Pork rillettes

Pork rillettes

Learn the skill of meat potting with Debora Robertson’s rillettes recipe. A French classic, pork rillettes are perfect served with a crusty baguette and crisp, tart pickles. See more of Debora’s serving suggestions in the Tips section, below.

Pork rillettes

“Rillettes isn’t a pâté in the classic sense (as I found to my shame when I called it that in front of a French friend), but it cheerfully does a pâté’s job so I’m not quibbling,” says Debora. “Spoon into earthenware terrines, ramekins or jars and it will keep for a week in the fridge. Once you’ve broken the fat, eat within a day.”

Next time: try our speedy mackerel pâté.

  • Serves icon Serves 12
  • Time icon Hands-on time 30 min, plus cooling and chilling. Simmering time 3-4 hours

Learn the skill of meat potting with Debora Robertson’s rillettes recipe. A French classic, pork rillettes are perfect served with a crusty baguette and crisp, tart pickles. See more of Debora’s serving suggestions in the Tips section, below.

“Rillettes isn’t a pâté in the classic sense (as I found to my shame when I called it that in front of a French friend), but it cheerfully does a pâté’s job so I’m not quibbling,” says Debora. “Spoon into earthenware terrines, ramekins or jars and it will keep for a week in the fridge. Once you’ve broken the fat, eat within a day.”

Next time: try our speedy mackerel pâté.

Nutrition: Per serving

Calories
395kcals
Fat
35g (11g saturated)
Protein
19g
Carbohydrates
0g
Fibre
0g
Salt
0.6g

Ingredients

  • 200g goose or duck fat
  • 100ml dry white wine
  • 600g pork belly strips, skin removed and cut into 3cm cubes
  • 600g pork shoulder, cut into 3cm cubes
  • 3 thyme sprigs
  • 2 bay leaves
  • 1 tsp salt
  • 1 tsp freshly ground black pepper
  • Freshly grated nutmeg
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Method

  1. Put a large, heavy casserole over a very low heat, then add the fat, wine and 100ml water. Once the fat has melted, add the rest of the ingredients (except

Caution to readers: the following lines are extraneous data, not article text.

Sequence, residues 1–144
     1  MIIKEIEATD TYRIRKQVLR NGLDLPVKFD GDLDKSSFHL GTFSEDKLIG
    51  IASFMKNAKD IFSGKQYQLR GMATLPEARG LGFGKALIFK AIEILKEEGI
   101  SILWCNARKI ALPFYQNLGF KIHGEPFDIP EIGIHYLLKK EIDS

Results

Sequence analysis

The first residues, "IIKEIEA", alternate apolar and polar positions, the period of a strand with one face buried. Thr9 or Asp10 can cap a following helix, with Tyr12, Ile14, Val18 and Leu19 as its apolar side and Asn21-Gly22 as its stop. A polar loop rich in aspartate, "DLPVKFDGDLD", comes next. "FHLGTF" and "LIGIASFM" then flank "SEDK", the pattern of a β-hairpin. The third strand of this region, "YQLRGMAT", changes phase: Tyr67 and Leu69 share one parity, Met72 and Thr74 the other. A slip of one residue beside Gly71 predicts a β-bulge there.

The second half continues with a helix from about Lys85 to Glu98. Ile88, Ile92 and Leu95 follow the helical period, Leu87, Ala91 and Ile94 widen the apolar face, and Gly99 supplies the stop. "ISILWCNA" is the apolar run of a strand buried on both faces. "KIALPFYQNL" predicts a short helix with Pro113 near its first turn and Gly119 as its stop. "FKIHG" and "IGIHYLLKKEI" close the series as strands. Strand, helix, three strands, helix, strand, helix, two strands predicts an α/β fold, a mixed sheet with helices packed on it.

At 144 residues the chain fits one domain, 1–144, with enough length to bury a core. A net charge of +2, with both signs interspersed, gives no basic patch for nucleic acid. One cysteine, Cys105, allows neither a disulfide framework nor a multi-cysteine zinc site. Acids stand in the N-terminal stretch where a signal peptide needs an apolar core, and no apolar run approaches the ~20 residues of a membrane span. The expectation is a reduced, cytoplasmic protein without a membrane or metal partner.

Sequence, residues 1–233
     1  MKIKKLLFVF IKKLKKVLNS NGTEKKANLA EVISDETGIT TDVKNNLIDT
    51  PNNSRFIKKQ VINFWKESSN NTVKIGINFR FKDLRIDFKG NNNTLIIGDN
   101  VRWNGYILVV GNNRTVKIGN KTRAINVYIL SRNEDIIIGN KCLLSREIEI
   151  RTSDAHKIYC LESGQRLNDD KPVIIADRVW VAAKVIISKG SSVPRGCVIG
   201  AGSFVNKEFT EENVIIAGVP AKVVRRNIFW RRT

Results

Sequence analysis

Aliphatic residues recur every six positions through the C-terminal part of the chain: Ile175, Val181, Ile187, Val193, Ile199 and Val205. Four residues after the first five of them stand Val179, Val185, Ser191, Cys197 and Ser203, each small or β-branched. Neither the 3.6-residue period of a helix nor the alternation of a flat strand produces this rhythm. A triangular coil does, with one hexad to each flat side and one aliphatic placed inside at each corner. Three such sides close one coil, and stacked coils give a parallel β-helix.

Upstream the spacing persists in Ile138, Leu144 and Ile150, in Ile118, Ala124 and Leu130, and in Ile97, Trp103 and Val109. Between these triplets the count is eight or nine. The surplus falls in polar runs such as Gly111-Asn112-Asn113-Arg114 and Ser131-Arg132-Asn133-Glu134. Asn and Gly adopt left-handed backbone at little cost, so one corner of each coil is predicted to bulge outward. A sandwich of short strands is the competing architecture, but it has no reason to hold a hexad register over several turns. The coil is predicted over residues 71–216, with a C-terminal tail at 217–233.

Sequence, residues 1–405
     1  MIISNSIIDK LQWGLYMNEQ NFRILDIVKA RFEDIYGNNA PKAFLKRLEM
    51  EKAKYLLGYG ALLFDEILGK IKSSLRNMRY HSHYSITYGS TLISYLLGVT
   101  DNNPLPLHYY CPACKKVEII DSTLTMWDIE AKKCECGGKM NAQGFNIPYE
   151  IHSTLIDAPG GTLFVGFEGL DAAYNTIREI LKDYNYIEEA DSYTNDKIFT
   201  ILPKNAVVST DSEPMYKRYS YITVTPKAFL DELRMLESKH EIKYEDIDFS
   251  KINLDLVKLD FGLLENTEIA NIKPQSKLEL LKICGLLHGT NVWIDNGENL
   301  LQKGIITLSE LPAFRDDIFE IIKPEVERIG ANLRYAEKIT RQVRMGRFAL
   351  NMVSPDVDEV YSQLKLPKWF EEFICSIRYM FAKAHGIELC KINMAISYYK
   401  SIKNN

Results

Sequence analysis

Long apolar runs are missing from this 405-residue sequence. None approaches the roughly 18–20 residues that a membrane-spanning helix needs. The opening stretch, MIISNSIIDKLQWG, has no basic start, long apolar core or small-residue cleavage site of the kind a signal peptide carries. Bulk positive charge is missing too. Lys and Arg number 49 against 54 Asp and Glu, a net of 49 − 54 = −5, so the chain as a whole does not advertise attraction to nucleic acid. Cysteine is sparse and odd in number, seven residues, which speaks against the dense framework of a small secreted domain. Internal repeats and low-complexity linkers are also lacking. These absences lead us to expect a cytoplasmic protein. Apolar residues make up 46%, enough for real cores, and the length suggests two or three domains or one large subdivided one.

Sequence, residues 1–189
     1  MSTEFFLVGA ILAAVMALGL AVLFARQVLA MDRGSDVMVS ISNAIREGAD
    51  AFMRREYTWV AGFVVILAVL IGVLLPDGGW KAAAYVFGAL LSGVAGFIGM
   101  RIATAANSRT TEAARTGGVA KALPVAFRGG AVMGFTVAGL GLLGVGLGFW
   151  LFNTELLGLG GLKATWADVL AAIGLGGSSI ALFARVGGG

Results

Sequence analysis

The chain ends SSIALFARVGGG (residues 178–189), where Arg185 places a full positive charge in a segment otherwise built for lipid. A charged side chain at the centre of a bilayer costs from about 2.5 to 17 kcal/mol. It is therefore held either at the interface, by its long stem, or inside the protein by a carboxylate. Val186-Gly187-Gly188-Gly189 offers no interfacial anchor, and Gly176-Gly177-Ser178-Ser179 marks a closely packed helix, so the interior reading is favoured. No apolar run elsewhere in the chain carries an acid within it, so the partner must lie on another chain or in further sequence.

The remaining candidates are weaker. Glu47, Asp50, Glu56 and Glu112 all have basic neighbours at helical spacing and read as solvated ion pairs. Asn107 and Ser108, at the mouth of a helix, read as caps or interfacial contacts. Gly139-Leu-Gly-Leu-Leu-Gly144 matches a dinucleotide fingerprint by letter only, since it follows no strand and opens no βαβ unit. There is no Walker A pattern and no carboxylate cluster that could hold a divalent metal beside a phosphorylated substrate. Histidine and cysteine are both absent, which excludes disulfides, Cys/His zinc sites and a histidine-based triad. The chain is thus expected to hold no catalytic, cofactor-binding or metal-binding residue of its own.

the nutmeg) and give everything a good stir. Cook, uncovered, for 3-4 hours, stirring from time to time and adding a splash more water if it looks like it’s going to stick. (You can also cook it in a 100°C fan/gas ½ oven, uncovered, for the same amount of time, stirring well every hour.)
  2. When the meat is completely tender – you should be able to pull it apart with two forks – remove the casserole from the heat or oven and let it cool to just above room temperature. Put a colander over a large bowl and tip the meat into it. Remove and set aside the thyme and bay leaves, then shred the meat into strands and put them in a clean mixing bowl.
  3. Skim off a couple of ladles of the fat that’s sitting on top of the cooking juices in the first bowl (you’ll use this for sealing the terrines/ramekins/jars later), then pour the juices and any remaining fat over the shredded meat. Beat the mixture mercilessly with a wooden spoon until it forms a coarse paste. (You can, alternatively, pulse it in a food processor, but I think it spoils the texture.) Season the mixture to taste with more salt and pepper, if needed, and some grated nutmeg.
  4. Spoon the mixture into clean earthenware terrines, ramekins or jars. Pour the reserved fat over the top to seal – you want it to be at least 0.5cm thick. You can decorate the top with the reserved bay and thyme sprigs at this point, if you like. Cover the tops with cling film or seal the jars. Refrigerate for at least 6 hours before serving to allow the flavours to develop, then remove from the fridge 30 minutes before serving.

Nutrition

Calories
395kcals
Fat
35g (11g saturated)
Protein
19g
Carbohydrates
0g
Fibre
0g
Salt
0.6g

delicious. tips

  1. Don’t waste it This makes a lot of rillettes, but if you’re decanting the mixture into smaller containers, it can be frozen for up to 3 months.

    Debora’s suggestions for what to serve with your rillettes
    • Good bread. I like a crusty baguette
    • Cornichons, caperberries or any other crisp, tart pickles
    • Some perky radishes
    • Fig or other fruit chutney
    • A crisp green salad with a sharp, mustardy vinaigrette
    • For that retro 1970s hit, Ritz crackers or melba toast

  2. The sealed rillettes will keep for a week in the fridge. Once you’ve broken the fat, eat within a day.

Buy ingredients online

Recipe By:

Debora Robertson

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